Stay Green, New York: Marijuana Arrests To Drop 20% In 2013

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You probably know the rules by now: in New York City, if you're caught in public view with pot, or in possession of 25 grams or more, you're getting a violation. Because of this (well, at least, partially), New Yorkers made up 99.2 percent (149,951) of the entire state's marijuana-related arrests (total: 155,048) last year. And, in 2012, getting thrown in the can for the reefer was still No. 1 in New York with the highest amount of arrests.

But lately, the external pressures placed on internal agencies by the incredibly high rates has become an engine for policy shifts. This is why Governor Cuomo continues to try to outlaw the public view provision in the criminal code last year. And why Bloomberg has opted out of the 'stay overnight in jail, be at court in the morning' situation for marijuana offenders. And why NYPD Commissioner Ray Kelly has even told his officers to chill (brah) with the pot arrests.

Luckily, it looks like these efforts are actually showing real-time results.

According to data provided by the New York Post, marijuana arrests will fall 20 percent this year, continuing an overall downward slope that has characterized the sticky icky situation over the past few years. Since January, a little more than 10,000 New Yorkers have been accosted for pot charges - a number still outrageous but, compared to last year's numbers, a little less outrageous.

On a lighter note, a source told the Post that the NYPD are moving their attention over to what really matters: "let's just focus on pills and cocaine." You know, those drugs that actually do kill people, lead to terrible societal consequences, raise crime rates, yada, yada, yada. For the first time in seemingly forever, narcotics in New York are being weighed by that criteria.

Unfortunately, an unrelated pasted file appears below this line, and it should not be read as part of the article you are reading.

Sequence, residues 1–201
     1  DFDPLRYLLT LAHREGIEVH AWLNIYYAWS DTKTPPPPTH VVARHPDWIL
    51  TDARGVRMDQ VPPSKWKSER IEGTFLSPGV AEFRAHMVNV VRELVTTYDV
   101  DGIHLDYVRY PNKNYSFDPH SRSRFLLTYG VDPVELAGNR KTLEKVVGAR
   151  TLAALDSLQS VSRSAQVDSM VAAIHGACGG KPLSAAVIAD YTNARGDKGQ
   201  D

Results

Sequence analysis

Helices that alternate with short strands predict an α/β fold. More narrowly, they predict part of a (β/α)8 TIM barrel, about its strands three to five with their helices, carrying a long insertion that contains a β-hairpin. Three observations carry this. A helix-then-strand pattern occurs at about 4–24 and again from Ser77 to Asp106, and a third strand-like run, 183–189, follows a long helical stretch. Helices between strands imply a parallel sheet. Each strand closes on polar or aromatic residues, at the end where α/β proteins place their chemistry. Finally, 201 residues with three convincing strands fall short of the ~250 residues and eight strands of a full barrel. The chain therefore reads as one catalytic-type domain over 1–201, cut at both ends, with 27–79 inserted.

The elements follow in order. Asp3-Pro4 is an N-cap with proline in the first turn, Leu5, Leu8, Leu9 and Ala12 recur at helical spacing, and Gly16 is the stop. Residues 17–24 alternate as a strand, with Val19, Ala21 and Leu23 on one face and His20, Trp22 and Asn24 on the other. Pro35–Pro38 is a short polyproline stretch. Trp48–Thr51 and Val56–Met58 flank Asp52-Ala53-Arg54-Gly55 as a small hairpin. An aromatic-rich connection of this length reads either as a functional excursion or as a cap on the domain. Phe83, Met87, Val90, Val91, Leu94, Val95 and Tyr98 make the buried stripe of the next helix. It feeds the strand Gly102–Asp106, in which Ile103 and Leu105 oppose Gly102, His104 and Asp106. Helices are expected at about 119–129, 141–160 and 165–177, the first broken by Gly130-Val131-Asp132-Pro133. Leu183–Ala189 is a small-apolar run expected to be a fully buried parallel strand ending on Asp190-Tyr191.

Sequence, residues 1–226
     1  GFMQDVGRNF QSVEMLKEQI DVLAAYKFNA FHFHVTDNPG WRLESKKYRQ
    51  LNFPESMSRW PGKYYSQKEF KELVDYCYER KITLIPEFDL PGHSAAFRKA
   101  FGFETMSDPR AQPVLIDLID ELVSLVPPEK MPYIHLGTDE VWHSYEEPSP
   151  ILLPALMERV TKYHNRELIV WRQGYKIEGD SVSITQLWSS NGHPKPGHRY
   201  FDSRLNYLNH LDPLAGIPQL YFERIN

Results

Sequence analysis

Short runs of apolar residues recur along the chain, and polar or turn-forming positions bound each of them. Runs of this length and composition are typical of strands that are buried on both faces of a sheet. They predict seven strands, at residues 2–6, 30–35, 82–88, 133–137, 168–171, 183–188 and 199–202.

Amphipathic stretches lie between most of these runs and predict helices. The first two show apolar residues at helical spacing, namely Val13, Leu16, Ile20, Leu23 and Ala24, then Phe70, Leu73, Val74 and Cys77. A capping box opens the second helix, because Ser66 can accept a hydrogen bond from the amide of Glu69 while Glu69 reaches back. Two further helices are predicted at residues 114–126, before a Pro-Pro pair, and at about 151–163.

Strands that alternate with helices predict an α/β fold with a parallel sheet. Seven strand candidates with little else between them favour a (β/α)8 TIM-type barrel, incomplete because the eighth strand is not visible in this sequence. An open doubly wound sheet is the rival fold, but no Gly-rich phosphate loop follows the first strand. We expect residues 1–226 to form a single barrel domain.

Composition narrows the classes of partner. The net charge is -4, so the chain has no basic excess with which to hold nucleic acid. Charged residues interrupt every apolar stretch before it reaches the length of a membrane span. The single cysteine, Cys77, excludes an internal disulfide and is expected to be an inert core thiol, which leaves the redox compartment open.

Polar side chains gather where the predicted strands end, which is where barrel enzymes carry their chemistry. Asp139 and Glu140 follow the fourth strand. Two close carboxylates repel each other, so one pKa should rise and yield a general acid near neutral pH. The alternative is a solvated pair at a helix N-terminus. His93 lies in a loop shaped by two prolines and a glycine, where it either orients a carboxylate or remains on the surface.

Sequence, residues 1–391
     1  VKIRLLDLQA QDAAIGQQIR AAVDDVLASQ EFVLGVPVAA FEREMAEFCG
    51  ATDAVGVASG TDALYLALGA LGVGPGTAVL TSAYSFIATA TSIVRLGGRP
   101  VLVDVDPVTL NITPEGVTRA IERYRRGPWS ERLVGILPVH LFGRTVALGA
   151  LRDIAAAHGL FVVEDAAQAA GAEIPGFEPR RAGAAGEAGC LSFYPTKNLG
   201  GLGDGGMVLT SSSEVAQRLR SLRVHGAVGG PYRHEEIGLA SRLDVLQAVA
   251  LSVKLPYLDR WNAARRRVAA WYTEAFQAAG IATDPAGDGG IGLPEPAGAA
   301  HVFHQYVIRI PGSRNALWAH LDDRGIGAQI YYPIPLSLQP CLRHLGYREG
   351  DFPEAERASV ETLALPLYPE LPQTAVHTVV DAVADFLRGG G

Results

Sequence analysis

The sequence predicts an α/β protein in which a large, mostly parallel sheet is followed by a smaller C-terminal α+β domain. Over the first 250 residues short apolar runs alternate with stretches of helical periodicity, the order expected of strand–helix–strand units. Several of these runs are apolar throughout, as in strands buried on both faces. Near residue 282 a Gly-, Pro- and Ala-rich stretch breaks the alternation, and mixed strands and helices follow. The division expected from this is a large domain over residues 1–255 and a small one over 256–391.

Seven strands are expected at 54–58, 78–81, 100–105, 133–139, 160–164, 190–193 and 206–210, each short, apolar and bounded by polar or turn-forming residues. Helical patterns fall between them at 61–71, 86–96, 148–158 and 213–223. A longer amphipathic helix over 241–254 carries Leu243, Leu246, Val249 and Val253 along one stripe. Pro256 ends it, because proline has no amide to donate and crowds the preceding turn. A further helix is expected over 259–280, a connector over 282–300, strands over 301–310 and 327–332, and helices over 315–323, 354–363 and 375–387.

Oh, to cap everything off: if Cuomo's attempt last year at nullifying the public view crackdowns had been passed, nearly 99% of the arrests in 2012 would not have happened. Talk about swift justice.

[jsurico15@gmail.com/@JohnSurico]


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3 comments
malcolmkyle16
malcolmkyle16

Prohibitionism is intensely, rabidly, frantically, frenetically, hysterically anti-freedom.

An important feature of prohibitionism (which it closely shares with fascism) is totalitarianism. That means:

A police state apparatus; widespread surveillance, arbitrary imprisonment or even murder of political opponents, mass-incarceration, torture, etc.

Like despicable, playground bullies, prohibitionists are vicious one moment, then full of self-pity the next. They whine and whinge like lying, spoilt brats, claiming they just want to "save the little children", but the moment they feel it safe to do so, they used brute force and savage brutality against those they claim to be defending.